• The post-2015 framework must embrace a holistic, rights-based approach to development that is based on equality, equity and non-discrimination to ensure that the most marginalised can benefit from development and empowering all to be active agents of change.
  • The post-2015 framework must ensure the right of people to participate fully in society and in decision-making, with the specific attention to groups traditionally excluded from decision-making. Participation empowers people and builds their capacities to contribute to the reduction of inequality and the eradication of extreme poverty.

Poverty Eradication

  • The post-2015 framework must demonstrate throughout that it is aiming at the eradication, not simply the reduction, of extreme poverty.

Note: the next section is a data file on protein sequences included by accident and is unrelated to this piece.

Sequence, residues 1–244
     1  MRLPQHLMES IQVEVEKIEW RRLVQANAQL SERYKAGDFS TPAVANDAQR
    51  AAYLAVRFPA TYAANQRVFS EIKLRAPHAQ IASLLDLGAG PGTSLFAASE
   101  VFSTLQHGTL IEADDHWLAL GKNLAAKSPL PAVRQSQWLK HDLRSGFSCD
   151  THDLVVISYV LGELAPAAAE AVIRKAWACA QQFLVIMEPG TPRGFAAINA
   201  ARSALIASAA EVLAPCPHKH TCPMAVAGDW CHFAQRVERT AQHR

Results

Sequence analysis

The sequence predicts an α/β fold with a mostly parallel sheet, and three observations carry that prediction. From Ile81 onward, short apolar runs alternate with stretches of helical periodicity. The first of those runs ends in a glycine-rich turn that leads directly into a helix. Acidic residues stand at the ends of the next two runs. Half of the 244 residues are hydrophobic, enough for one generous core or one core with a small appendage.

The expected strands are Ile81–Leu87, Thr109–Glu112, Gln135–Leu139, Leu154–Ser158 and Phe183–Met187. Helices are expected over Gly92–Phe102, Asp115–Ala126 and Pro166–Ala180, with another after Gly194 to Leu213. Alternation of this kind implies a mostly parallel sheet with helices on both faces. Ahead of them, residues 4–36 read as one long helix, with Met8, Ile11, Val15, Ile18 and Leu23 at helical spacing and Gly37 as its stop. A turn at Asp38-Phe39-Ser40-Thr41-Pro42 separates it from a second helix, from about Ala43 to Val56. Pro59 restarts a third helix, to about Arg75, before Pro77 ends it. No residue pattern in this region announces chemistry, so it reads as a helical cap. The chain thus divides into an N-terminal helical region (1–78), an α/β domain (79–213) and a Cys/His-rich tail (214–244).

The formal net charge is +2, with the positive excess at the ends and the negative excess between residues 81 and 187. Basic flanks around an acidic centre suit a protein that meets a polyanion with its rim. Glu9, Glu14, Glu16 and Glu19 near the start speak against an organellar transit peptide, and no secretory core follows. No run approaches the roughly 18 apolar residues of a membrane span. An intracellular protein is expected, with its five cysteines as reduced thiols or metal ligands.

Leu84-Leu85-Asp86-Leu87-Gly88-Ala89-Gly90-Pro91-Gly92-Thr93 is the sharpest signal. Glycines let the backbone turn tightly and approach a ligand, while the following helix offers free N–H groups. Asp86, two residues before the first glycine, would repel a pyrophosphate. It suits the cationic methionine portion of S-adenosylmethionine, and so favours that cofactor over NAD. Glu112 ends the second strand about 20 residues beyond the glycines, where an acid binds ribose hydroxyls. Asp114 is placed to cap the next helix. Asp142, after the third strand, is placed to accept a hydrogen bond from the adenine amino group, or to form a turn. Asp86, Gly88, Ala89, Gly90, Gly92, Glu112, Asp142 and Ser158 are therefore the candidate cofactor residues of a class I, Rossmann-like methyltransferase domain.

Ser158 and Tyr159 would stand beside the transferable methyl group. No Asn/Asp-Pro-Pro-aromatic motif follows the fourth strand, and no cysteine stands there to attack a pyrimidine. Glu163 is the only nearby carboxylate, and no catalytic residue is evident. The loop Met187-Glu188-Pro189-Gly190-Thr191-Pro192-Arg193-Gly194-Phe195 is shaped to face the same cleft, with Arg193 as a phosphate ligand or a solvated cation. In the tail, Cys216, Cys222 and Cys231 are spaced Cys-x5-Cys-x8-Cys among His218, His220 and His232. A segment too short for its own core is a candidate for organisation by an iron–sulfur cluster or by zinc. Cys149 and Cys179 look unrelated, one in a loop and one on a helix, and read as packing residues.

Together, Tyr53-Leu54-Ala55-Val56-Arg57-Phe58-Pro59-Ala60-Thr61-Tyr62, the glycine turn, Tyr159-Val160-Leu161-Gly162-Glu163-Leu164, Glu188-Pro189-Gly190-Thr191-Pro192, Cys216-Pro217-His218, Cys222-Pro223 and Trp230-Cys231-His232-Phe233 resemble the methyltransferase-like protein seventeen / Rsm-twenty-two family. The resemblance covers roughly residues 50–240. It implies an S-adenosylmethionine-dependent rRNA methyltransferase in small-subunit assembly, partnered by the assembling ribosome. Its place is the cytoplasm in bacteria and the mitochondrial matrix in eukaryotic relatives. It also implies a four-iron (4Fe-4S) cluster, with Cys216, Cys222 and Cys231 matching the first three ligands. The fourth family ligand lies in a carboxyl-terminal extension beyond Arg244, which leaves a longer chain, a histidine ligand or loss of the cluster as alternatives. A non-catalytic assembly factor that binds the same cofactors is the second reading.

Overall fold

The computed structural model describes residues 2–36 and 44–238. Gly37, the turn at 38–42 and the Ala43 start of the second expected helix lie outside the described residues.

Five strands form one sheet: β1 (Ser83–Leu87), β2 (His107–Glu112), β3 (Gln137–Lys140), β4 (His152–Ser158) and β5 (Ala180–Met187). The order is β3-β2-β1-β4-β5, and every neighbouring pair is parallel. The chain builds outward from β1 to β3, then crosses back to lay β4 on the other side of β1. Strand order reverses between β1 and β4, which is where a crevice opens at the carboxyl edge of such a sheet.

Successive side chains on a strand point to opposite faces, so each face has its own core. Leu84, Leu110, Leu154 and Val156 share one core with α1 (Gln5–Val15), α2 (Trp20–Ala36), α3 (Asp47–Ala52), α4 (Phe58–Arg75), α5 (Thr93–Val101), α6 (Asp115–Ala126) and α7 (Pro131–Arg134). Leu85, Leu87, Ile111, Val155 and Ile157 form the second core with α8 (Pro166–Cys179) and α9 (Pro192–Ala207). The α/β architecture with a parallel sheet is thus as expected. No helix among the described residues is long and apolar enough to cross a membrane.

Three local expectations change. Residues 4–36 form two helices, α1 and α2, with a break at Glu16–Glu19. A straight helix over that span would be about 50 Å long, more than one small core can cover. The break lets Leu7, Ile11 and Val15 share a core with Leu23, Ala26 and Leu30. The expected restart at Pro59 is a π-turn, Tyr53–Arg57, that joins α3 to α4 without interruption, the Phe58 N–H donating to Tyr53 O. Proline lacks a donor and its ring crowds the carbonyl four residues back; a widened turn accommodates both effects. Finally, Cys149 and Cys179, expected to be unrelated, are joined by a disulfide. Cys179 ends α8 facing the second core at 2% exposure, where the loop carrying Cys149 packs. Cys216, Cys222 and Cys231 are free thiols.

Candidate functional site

• Poverty eradication must be embedded in all goals and targets which, in turn, must aim to ‘get to zero’ rather than percentage reductions.

  • The post-2015 framework must build on an understanding of poverty as a multi-dimensional phenomenon that also encompasses a shortage of resources, capabilities, choices, security and power.

Wellbeing
  • The post-2015 framework must go beyond an income based notion of poverty to a focus on well-being to better reflect true progress.
  • A definition of well-being should consider material, relational and subjective dimensions – looking beyond what people have to what they are able to do with those resources in the context of their societies and whether they are happy as a consequence. This may involve looking at indicators such as life expectancy at birth, access to services, living standards, decent work, income security, safety and a clean environment, cultural life, social cohesion, empowerment and dignity.
Peace and security